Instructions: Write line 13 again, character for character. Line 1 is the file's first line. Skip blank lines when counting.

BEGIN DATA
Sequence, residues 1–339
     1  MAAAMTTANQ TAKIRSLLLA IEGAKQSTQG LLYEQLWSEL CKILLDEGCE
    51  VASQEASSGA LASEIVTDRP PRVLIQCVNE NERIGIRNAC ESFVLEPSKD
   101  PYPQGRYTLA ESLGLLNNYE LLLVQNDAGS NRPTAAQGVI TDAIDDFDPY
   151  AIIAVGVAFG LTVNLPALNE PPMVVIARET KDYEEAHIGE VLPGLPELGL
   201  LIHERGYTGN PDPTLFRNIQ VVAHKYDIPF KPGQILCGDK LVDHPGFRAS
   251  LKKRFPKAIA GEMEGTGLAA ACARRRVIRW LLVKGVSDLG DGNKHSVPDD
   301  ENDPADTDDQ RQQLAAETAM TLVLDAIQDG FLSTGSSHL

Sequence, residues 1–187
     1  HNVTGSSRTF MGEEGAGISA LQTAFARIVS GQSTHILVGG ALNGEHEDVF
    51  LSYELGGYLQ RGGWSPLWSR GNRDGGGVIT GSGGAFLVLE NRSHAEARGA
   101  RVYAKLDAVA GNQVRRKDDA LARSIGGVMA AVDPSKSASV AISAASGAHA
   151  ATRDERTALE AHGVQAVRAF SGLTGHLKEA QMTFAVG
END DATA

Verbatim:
   151  ATRDERTALE AHGVQAVRAF SGLTGHLKEA QMTFAVG